Amused, but nowhere near confident in Heller’s waffling choice, Ryan left the club and bypassed the valet. He always rented a car when he was in Chicago, and he always made his own plans. Tonight he’d left the car at the hotel on the off chance Toman decided to send someone to check up on him. The paranoia of their Alpha knew no limits. What he didn’t know couldn’t hurt anyone. As for Ryan, he didn’t know who the hell Hugo Gabel or Taglioni were, but he’d have answers to both before he slept.
Uncaring of potential predators along the way, Ryan headed for the elevated train. He’d take a ride back to his hotel and investigate. The deal had to be locked in before he went home. Someone wanted to poach Willow Bend land, and no way in hell would he allow that to happen. Scenting a hunt in the offing improved his mood. He’d take care of Margo and Heller, and satisfy both sides of his nature at the same time.
The platform held a scattering of individuals, all waiting for the same train. Ryan checked his watch once then found a post to lean against where he could watch everyone coming or going while he protected his own back. The population of the train station was a disparate group—a couple of businessmen, three teenagers who shouldn’t be out this late in Chicago, and an elderly man with a bottle of booze in a paper bag tucked under his arm. A faint scuffing sound echoed up the concrete steps leading to the platform—a series of sliding shoe hops.
Curious about the noise, Ryan studied the top of the staircase. The arrival of a slender African-American woman and a young girl who couldn’t be more than four rewarded his attention.
“Twenty-five,” the little girl announced breathlessly, and aimed her triumph up at the woman smiling down at her. “I hopped all of them.”
“You did.” Affection and approval rang between the two words. “Well done.”
“Thank you, Mommy.” The little girl’s delight perfumed the air, chasing away the stench of cigars and bad business. She started to skip forward, but her mother caught her arm and tugged her back.
“You know better, Alexis. You stay with Mommy.” Even as she spoke the words, the mother scanned the occupants of the station then urged her daughter away from the raucous teenagers and businessmen. Her path took her nearer the older man, but she still circled away from him, and chose a spot about midway between Ryan and the others.
Awareness of her surroundings and angling her body between her child and the strangers were all behaviors Ryan recognized. Human cities weren’t safe. They were never safe for women alone, much less for a woman with a small child. Her hand was in her purse and Ryan felt the corners of his mouth tug wider in approval.
She was armed with something, which meant she wasn’t as helpless. At the same moment, she glanced at him and Ryan’s wolf stood up inside him, every hair bristling. His smile faded. The woman’s gentle expression sported the faint traces of a bruise around one eye. She’d covered it with cosmetics, but the puffiness and hint of hurt in her scent reached him all the same.
“Mommy?” The little girl, Alexis, tugged at her mother’s arm. The woman glanced away from Ryan, and the moment snapped. “You said staring at people is bad.” The hushed whisper of warning carried to his ears and he bit back a smile. The little girl gave him a sharp look, so he erased the expression and bowed his head to her as though suitably chastened.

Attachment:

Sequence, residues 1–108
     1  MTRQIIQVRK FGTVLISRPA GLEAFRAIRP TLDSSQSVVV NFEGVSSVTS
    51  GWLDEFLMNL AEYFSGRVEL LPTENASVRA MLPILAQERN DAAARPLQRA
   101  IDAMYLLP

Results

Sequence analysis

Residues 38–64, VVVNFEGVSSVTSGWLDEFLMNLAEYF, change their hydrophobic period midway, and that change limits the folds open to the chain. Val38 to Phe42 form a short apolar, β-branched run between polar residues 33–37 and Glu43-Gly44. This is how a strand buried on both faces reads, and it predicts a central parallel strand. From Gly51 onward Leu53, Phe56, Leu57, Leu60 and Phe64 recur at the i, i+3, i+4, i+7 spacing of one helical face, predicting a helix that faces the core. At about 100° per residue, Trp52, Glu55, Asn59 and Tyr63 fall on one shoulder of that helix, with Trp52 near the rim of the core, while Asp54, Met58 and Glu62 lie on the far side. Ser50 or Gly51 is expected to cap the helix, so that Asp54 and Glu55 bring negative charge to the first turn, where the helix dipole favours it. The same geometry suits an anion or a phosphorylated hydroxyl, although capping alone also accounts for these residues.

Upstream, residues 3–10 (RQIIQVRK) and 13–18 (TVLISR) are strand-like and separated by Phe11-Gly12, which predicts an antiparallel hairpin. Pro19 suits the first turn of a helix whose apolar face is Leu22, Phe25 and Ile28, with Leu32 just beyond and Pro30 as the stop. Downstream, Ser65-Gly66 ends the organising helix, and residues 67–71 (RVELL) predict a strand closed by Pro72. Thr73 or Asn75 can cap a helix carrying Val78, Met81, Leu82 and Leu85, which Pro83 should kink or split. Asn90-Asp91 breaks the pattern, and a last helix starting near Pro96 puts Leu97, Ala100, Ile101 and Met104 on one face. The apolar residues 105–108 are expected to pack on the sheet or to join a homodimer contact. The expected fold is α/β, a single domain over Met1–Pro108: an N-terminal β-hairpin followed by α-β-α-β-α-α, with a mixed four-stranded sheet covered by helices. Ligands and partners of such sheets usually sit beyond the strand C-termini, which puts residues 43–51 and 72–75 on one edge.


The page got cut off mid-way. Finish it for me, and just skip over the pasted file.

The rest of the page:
Four years old and desperate to protect her mother?
Yes. Ryan would be killing someone before he left this city.
“You’re right, darling.” The woman gathered her daughter close and kept her gaze firmly averted from Ryan’s. “Staring is bad.”
Alexis met his gaze again, eyebrows raised in challenge. Ryan grinned and made a point of looking away, but still kept watch from the corner of his eye. The little girl’s face scrunched up into a frown. After she stared for another minute and he didn’t look at her mother, she seemed satisfied. Alexis settled into leaning on her mom.
With the little girl distracted, he glanced back and found her mother watching him. It took everything he had to stuff his wolf down and try to keep his posture relaxed. He wasn’t a threat.
Never would he be a threat, not to her.
So he tilted his head in a faint nod and she gave him an empty smile. The woman tightened her grip on her daughter and looked away, pointedly ignoring him.
Oh, she would be fun to chase. The thought skittered through his mind and Ryan paused.
Chase? The woman wore a wedding ring. Human or not, she was taken. His wolf didn’t give a damn. Whomever had her hadn’t taken care of her. On that point, he and his wolf were in absolute agreement.
When the train arrived, Ryan boarded the same car as they did. When the rowdy teenagers got to close to the mother and child, he glared at them until they moved on to choose a different place to sit.
He didn’t even know her name, but he would make sure they got home safe. Once he had an address, he’d learn everything else about them. Satisfied with the plan to hunt, the wolf kept a watchful eye out and Ryan did his best not stare. Not that he had to, since he’d already committed every feature to memory. Her eyes were the color of toffee—perfect and sweet—and the loneliness within them scored his soul. Someone had hurt her and recently. Keeping his position proved the hardest task he’d ever faced.
Because all he wanted to do was kill whatever had put the bruised look in her eyes.